In the nineteenth century, Egyptologists revised this ‘Hamitic myth.’ They asserted that Hamites were from northeast Africa and represented a closer blood line to Europeans. The Belgians believed this idea of the Tutsi relation to the Hamities because they felt the most physically and socially superior group in Rwanda could not have their origins in Africa, they had to be of Eurasian decent. They used this theory to further divide the Tutsi and Hutu by placing control of the resources in the hands of the Tutsi monarchy and systematically oppressing the Hutu.

– The Rwandan Genocide: The True Motivations for Mass Killings, pg. 4


These perceived physical differences were given more merit due to external factors that began to change people’s looks. Due to being less adequately nourished and working in the sun more, Hutus eventually became shorter and darker. Generations of seeing the same physical traits within Hutu families would have cemented the perception that there was an inherent physical difference between the groups. Joseph C Miller summarises these events when he writes:

…generations of gene flow obliterated whatever clear-cut physical distinctions may have once existed between these two Bantu peoples – renowned to be height, body build, and facial features… With a spectrum of physical variation in the peoples, Belgian authorities legally mandated ethnic affiliation in the 1920s, based on economic criteria. Formal and discrete social divisions were consequently imposed upon ambiguous biological distinctions. To some extent, the permeability of these categories in the intervening decades helped to reify the biological distinctions, generating a taller elite and a shorter underclass, but with little relation to the gene pools that had existed a few centuries ago. The social categories are thus real, but there is little if any detectable genetic differentiation between Hutu and Tutsi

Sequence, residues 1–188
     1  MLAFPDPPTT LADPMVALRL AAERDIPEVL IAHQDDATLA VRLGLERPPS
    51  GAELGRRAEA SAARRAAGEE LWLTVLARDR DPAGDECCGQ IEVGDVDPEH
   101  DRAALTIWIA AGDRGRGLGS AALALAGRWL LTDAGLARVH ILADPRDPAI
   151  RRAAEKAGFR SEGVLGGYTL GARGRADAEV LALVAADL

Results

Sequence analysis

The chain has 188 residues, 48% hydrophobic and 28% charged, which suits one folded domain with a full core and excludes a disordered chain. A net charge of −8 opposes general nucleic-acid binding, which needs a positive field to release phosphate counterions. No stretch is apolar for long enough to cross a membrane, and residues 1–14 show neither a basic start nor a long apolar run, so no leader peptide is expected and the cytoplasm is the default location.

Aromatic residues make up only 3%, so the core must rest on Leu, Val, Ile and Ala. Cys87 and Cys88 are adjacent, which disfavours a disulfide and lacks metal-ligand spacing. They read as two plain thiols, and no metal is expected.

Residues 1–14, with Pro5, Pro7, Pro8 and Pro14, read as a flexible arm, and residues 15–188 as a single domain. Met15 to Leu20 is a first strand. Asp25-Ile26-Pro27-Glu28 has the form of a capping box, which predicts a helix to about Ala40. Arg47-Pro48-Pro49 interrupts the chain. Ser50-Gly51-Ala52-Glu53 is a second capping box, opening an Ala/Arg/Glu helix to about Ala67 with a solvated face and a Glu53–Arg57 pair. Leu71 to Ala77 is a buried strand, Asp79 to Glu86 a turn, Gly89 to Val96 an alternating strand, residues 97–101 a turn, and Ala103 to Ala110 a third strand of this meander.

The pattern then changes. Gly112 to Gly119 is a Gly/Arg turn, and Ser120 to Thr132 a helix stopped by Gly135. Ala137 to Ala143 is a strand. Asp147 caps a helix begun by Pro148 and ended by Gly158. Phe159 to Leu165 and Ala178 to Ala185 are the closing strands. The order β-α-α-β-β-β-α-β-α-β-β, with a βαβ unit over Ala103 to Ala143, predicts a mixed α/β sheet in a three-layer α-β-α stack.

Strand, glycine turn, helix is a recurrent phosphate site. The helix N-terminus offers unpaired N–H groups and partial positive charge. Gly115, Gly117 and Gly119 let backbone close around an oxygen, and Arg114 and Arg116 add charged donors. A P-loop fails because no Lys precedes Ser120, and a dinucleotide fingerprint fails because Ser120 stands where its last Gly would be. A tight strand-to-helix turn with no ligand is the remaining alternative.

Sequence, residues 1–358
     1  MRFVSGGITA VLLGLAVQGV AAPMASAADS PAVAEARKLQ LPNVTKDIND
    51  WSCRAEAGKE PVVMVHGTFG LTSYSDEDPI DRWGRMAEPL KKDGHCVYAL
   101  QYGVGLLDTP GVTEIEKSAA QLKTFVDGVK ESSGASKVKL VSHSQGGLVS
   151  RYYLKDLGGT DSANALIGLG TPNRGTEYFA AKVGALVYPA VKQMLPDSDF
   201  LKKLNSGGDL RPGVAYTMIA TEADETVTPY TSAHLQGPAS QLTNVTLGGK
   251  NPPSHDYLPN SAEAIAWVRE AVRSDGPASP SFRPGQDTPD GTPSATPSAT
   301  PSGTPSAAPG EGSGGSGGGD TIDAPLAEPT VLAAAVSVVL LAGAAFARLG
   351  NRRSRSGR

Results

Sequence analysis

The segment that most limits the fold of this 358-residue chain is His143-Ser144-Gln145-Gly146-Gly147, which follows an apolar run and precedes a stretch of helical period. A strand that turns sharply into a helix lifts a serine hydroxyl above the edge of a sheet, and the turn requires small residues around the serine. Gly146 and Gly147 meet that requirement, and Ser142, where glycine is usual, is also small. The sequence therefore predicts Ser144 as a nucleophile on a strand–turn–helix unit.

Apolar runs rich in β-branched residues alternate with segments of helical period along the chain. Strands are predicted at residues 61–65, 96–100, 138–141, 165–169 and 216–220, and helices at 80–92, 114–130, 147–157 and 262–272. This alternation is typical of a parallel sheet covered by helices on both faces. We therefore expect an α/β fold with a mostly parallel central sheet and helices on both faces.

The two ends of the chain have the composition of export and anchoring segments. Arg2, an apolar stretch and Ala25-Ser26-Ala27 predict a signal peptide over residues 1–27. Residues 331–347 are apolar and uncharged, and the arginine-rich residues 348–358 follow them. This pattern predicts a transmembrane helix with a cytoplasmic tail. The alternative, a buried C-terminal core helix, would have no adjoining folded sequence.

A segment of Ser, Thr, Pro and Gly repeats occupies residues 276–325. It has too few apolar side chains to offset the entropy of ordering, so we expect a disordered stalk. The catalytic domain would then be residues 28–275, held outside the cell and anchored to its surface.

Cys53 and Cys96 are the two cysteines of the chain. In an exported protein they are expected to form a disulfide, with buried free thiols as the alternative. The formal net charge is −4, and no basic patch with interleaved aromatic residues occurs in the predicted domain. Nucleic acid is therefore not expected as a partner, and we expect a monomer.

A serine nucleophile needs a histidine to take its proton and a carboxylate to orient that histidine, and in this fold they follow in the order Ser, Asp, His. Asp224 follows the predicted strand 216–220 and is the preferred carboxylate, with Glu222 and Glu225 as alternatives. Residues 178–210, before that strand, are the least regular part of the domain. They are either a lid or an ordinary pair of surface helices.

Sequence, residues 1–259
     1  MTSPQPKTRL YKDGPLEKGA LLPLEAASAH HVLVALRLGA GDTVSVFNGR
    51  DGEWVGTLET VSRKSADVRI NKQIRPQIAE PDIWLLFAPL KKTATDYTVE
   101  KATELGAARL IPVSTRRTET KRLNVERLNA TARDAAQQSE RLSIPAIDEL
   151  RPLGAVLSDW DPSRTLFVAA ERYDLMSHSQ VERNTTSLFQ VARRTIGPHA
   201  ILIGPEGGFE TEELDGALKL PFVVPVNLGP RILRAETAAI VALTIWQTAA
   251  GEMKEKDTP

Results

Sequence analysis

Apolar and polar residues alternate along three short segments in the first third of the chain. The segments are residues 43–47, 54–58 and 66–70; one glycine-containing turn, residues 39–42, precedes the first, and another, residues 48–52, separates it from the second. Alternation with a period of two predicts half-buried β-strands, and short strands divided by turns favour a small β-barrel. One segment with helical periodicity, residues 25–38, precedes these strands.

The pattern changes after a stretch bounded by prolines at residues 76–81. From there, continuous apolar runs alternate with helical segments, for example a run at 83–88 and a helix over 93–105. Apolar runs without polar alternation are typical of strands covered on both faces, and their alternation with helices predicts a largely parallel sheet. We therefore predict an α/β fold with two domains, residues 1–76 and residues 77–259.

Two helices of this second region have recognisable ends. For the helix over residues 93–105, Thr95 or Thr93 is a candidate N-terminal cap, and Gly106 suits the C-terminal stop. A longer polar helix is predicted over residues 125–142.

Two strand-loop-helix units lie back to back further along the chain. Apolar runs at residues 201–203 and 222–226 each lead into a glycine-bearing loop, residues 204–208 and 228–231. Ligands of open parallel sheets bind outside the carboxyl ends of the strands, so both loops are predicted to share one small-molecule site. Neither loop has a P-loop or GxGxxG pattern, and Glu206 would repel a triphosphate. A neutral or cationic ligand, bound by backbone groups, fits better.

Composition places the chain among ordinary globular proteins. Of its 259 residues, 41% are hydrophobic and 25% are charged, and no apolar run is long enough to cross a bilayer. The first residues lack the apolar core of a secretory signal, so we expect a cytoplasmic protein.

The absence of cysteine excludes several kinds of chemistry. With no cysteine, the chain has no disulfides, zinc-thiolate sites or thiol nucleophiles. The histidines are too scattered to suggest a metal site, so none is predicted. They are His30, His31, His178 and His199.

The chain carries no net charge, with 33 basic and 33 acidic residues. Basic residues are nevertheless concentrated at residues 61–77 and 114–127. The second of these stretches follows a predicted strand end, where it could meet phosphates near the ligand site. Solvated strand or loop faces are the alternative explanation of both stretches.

– New Encyclopedia of Africa, pg. 622

These new findings undermine the whole justification given by the aggressors in the Rwandan Genocide. Had it been known that these perceived differences were socially-constructed, and hence flexible, such atrocities could have been avoided. This is not an overly optimistic view of the past, as Carla Schrami found that many who survived the genocide did in fact later acknowledge that the differences between Hutus and Tutsis were based upon economic factors and precedents established by the colonial powers (2012, pg. 127) However, because the people perceived these things as biologically determined, it was enough to spark nation-wide bloodshed. The example of the Rwandan Genocide shows that if the similarities between people are emphasised, in certain situations where it is appropriate to do so, racism can be avoided as there will be no biological basis to discriminate upon.


Cutler, H. The Art of Happiness. USA: Barnes & Noble, 1998. Print

Fearon James D and Laitin David D. “Violence and the Social Construction of Ethnic Identity” University of Stanford. Web. 9 May 2014.

Jean, Moise. “The Rwandan Genocide: The True Motivations for Mass Killings” Emory University. Web. 9 May 2014.

Lee, D Gillian. “The Hutu and Tutsi Distinction” University of Toronto.  2009. Web. 9 May 2014.

Nardone, Jaclyn. “Intolerably Inferior Identity: How the Social Construction of Race Erased a Rwandan Population” Peace and Conflict Monitor. 2010. Web. 9 May 2014.

Schrami, Carla. The Dilemma of Recognition: Experienced Reality of Ethnicised Politics in Rwanda and Burundi. USA: Springer, 2012. Print.